H. George Frederickson - Professor Emeritus
He has risen to the top of his field...become one of the most influential people in the field of Public Administration...founded a professional organization and a journal...and ultimately reached a point where doctoral students attending the same conference as him ask their KU colleagues what it would be like to actually talk to him.
Welcome to a day in the life of H. George Frederickson. George has served on the faculty of the KU School of Public Affairs and Administration for 26 years, earning the Edwin O. Stene Distinguished Professorship in 1987. As he embarks upon a new chapter in his career, that of Distinguished Professor Emeritus, we asked the faculty and doctoral students in the School if they would like to tap into George’s wisdom, and no subject was off limits. They submitted their questions, and George has responded.
Q: What was your favorite Minnowbrook? I, II, or III? Why?
A: Even with its failings, Minnowbrook I was my favorite. At the time (1968) there was a rebellious mood among the young, and for good reasons. Big questions were in the air; questions of justice and fairness; questions of war, asking whether there could be a “just war,” and asking who should fight that war. The field of public administration seemed dull and stodgy, ripe for an overhaul; because in our youth we imagined that we were up to that overhaul. The “Minnowbrook Idea” was to assemble young or emerging scholars to get their views and opinions of public administration. I was one of those young scholars at Minnowbrook I, as well as one of the organizers, so it follows that Minnobrook I would be my favorite.
Twenty years later I organized and managed Minnowbrook II in 1988. In accord with the Minnowbrook Idea, Minnowbrook II was mostly comprised of young or emerging scholars and seemed to lack the spontaneity and passion of Minnowbrook I. I was invited to Minnowbrook III in 2008, as a courtesy, to be an observer, a kind of ancient voyeur. Much has changed in the 45 years since Minnowbrook I. The field of public administration is very much stronger now both in its theoretical and empirical moorings and in its academic degree programs. But many of the big questions of 45 years ago are still big questions, and new and vexing problems face the field, most particularly high levels of outsourcing or privatization and a decline in the reputation of governments. There is so much to do. I wish I were young again and could be a part of doing it. Minnowbrook IV will be in 2028 and I plan to be there.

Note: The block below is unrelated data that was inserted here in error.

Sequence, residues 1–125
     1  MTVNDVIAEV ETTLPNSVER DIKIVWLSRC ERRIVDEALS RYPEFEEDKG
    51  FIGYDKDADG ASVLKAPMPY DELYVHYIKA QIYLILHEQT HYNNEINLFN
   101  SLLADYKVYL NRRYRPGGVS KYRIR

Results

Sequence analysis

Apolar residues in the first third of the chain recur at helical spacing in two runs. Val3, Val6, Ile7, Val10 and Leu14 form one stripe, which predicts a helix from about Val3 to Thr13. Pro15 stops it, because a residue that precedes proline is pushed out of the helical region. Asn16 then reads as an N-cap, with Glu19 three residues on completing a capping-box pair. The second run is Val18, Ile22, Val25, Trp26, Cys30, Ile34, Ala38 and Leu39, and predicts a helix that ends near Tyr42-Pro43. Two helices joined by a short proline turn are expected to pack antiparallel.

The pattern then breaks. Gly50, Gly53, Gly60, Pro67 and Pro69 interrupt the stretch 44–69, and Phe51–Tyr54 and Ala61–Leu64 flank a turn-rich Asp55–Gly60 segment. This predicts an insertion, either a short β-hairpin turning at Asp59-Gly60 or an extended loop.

Q. It is not a particularly well-kept secret that you are a frequent customer of Spangles and are especially fond of their hamburgers. In your experience, when one is eating a hamburger for breakfast, which toppings are most appropriate and which are to be avoided?
A: The hamburger for breakfast is to be fully dressed with tomato, lettuce, onion, and pickle, with a few added slices of jalapeno peppers to help kick start the day. Spangles serves a good hamburger as does Sonic, the In-and-Out Burger, and Five Guys. McDonalds, Burger King, and Wendy’s do not measure up and are to be avoided. The traditional American breakfast is also to be avoided, and particularly the revolting custom of eating the eggs of the chicken. Think about it.
Q. Of all your articles, books, and various other projects, does one stand out as your “favorite”? (Not necessarily your most famous or most cited but one that, for whatever reason, was particularly enjoyable in terms of process or outcome or whatever else goes into making something a “favorite”).
A. Although it is a tough call, a project would be my favorite. For as long as I have been in public administration it has been my opinion that the field needed its own first class, unapologetically theoretical and empirical scholarly journal. The idea that eventually resulted in the creation of the Journal of Public Administration Research and Theory (JPART) had its origins in the late 1960s. It was not until the late 1980s, after I left academic administration and joined the public administration faculty at the University of Kansas, that the time was right to establish JPART. The first issue appeared in 1991, so JPART will have its 25th birthday in 2016. JPART is now the leading journal in the field and was highly instrumental in the creation of the Public Management Research Association, the leading professional association in academic public administration. Put simply, JPART has been consequential. I suspect that long after my books and articles are forgotten, JPART will still be an influential voice in public administration.